Scandinavian literature summaries - 2023
Short summary - Laxdaela saga
The saga tells the story of eight generations of one Icelandic family. The central place is given to the seventh generation: the events associated with it took place at the end of the 10th - beginning of the 11th century.
Ketil Flat-nosed held a high position in Norway. When King Harald the Fair-Haired reached his highest power, Ketil gathered his relatives for advice. Everyone agreed that it was necessary to leave the country Ketil's sons Bjarn and Helgi decided to settle in Iceland, about which they had heard a lot of tempting things. Ketil said that in his advanced years it was better to go west, across the sea. He knew these places well. With Ketil went his daughter Unn the Wise. In Scotland, he was well received by noble people: he and his relatives were offered to settle where they wanted. The son of Unn Wise Thorstein was a successful warrior and took possession of half of Scotland. He became king, but the Scots violated the agreement and treacherously attacked him. After the death of his father and the death of his son, Unn the Wise secretly ordered a ship to be built in the forest, equipped it and set off. All the surviving relatives went with her. There was no other case of a woman escaping from a formidable danger with so many companions and with such wealth! She was accompanied by many worthy people, but they were all outnumbered by a noble named Koll of the Dales.
Thorstein the Red had six daughters and one son, whose name was Olav feilan. Unn married all her granddaughters, and each of them gave rise to an illustrious family. In Iceland, Unn first of all visited the brothers, and then occupied the vast lands around the Breidfjord. In the spring, Koll married Thorgerd, daughter of Thorstein the Red, Unn gave her the whole Laxdal valley as a dowry for her. She declared Olaf Feilan her heir. On the day of her grandson's wedding, Unn suddenly left the party. The next morning, Olaf went into her room and saw that she was sitting on the bed dead. People admired the fact that Unn managed to maintain dignity and greatness until the day of death.
When Koll of the Dales fell ill and died, his son Haskuld was in his youth. But Thorgerd, daughter of Thorstein, mother of Haskuld, was still a young and very beautiful woman. After Koll's death, she told her son that she did not feel happy in Iceland. Haskuld bought her half a ship, and she sailed with great wealth to Norway, where she soon married and gave birth to a son. The boy was given the name Khrut. He was very good-looking, like his grandfather Thorstein and great-great-grandfather Ketil Flat-Nosed before. After the death of her second husband, Thorgerd was drawn back to Iceland. She loved Haskuld more than other children. When Thorgerd died, Haskuld got all her goods, although Hrut was supposed to get half.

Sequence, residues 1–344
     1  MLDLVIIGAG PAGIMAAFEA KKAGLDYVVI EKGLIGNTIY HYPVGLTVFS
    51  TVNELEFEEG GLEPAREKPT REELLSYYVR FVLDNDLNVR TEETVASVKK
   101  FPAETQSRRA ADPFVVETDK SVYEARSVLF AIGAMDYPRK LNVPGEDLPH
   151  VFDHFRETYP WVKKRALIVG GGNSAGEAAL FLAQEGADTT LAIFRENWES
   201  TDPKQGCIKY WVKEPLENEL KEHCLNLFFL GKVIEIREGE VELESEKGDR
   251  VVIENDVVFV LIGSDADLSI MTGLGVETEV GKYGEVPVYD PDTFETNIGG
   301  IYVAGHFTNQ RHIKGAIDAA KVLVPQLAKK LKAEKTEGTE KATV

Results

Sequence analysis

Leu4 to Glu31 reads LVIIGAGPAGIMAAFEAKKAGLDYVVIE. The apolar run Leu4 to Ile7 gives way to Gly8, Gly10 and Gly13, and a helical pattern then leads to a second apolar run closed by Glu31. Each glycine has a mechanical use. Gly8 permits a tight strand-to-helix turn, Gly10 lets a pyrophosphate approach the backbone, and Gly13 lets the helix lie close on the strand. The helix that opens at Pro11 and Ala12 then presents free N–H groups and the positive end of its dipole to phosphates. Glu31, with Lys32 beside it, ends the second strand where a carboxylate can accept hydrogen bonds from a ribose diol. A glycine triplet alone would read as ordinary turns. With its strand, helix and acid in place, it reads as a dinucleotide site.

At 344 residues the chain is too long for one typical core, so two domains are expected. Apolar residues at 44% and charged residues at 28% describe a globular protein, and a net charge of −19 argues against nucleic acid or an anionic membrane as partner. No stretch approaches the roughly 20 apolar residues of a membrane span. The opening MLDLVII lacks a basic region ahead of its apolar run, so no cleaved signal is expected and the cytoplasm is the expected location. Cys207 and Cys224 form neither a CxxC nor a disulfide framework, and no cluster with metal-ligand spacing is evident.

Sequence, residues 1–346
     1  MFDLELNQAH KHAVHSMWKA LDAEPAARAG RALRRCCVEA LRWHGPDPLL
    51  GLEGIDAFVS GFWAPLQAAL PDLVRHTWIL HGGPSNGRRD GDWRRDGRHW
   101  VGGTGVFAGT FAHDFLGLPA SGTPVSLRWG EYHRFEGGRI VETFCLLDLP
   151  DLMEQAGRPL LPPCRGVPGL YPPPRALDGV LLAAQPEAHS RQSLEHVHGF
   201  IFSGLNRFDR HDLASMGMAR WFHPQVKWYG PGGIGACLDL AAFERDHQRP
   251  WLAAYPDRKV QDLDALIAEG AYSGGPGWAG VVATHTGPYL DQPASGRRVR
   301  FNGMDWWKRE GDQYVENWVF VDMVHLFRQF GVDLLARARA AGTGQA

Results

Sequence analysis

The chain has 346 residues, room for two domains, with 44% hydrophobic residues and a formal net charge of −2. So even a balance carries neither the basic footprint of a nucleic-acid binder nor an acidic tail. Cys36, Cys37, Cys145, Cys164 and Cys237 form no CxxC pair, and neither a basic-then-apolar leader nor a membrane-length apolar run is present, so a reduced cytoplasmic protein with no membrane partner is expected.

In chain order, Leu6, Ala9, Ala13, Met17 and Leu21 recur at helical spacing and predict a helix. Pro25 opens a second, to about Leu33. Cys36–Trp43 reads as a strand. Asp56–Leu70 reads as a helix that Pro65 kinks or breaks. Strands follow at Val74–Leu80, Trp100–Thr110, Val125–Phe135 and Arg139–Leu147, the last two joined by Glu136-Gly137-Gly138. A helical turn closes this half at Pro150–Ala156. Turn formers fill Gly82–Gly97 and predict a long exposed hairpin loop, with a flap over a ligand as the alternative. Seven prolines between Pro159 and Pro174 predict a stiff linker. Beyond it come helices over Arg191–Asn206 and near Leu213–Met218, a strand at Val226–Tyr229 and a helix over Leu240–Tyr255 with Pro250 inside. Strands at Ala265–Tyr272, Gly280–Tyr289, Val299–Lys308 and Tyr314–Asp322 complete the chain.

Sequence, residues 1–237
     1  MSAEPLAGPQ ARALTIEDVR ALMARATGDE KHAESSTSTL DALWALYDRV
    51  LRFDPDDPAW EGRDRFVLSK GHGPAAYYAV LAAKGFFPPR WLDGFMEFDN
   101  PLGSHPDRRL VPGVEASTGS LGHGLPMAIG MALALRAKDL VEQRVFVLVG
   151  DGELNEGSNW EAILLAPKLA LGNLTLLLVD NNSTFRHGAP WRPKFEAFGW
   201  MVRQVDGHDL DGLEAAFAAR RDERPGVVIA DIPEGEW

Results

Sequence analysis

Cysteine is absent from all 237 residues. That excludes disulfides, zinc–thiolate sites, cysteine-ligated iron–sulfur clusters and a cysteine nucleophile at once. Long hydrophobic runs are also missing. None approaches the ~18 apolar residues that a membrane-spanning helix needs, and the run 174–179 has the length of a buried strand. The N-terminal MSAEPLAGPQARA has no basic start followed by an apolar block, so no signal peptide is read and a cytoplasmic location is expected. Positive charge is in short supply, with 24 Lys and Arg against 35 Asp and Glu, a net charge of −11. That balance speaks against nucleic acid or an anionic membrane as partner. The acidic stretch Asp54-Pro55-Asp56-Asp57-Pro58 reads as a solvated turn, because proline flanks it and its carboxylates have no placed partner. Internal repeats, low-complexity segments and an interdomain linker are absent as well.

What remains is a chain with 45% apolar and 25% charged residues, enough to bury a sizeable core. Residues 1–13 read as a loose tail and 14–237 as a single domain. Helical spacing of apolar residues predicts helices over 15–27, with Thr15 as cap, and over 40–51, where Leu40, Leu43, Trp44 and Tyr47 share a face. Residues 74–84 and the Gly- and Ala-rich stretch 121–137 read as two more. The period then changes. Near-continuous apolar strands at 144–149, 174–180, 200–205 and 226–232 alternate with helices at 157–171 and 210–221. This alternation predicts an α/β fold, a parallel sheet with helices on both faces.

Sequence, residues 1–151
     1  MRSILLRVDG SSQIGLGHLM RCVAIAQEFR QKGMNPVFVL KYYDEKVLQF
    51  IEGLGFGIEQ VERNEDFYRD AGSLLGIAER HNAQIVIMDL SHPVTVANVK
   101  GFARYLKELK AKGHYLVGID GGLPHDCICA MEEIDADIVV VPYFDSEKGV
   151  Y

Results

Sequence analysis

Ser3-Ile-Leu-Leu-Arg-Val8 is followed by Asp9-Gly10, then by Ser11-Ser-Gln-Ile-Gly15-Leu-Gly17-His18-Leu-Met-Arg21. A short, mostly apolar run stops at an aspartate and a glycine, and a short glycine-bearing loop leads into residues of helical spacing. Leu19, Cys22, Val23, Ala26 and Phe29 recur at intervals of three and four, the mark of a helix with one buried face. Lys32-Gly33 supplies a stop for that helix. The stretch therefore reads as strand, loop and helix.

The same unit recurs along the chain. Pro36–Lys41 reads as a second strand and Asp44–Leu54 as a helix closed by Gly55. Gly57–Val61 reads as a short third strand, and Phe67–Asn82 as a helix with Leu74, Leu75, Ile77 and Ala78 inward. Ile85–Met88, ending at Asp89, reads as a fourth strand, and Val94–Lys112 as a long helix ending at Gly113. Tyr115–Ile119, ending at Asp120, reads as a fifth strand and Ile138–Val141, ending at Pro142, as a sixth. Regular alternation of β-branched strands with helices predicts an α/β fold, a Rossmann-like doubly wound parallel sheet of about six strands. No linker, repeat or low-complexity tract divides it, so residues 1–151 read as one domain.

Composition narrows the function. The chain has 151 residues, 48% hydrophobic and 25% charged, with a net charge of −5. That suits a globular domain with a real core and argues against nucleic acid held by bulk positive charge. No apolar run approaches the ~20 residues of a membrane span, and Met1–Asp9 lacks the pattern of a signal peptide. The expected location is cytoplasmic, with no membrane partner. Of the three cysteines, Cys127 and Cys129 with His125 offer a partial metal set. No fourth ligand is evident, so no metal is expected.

A man named Bjarne had a daughter, Jorunn, a beautiful, haughty girl. Haskuld wooed her and received consent. The wedding was magnificent - all the guests left with rich gifts. Haskuld was in no way inferior to his father Koll. She and Jorunn had several children: sons named Thorlaik and Bard, daughters Hallgerd and Turid. They all promised to become outstanding people. Haskuld considered it humiliating for himself that his house was built worse than he would have liked. He bought a ship and went to Norway for timber. The relatives living there met him with open arms. King Hakon was very merciful to him: he allocated a forest, presented a golden wrist and a sword. Haskuld bought a beautiful slave girl in Norway, although the merchant warned him that she was mute. Haskuld shared a bed with her, but upon returning to Iceland, he stopped paying attention to her. And Jorunn said that she would not start a quarrel with a concubine, but it was better for everyone that she was deaf and dumb. At the end of winter, a woman gave birth to an unusually beautiful boy. Haskuld ordered to call him Olaf, since his uncle Olaf Feilan had died shortly before. Olaf stood out among other children, and Haskuld loved him very much. One day Haskuld heard Olaf's mother talking to her son. Approaching them, he asked the woman not to hide her name anymore. She said that her name was Melkorka and that she was the daughter of Myrkjartan, king of Ireland. Haskuld replied that it was in vain that she concealed her high origin for so long. Jorunn did not change her attitude towards Melkork. Once Melkorka took off her shoes Jorunn, and she hit her in the face with her stockings. Melkorka got angry and broke Jorunn's nose until it bled. Haskuld separated the women and settled Melkorka separately. It soon became clear that her son Olaf would be more handsome and courteous than other people. Haskuld helped a man named Thord Goddi, and in gratitude he took Olaf to his upbringing. Melkorka considered such an adoption humiliating, but Haskuld explained that she was short-sighted: Tord had no children, and after his death Olaf would inherit the property. Olaf grew up, became tall and strong. Haskuld called Olaoa Peacock, and this nickname remained with him.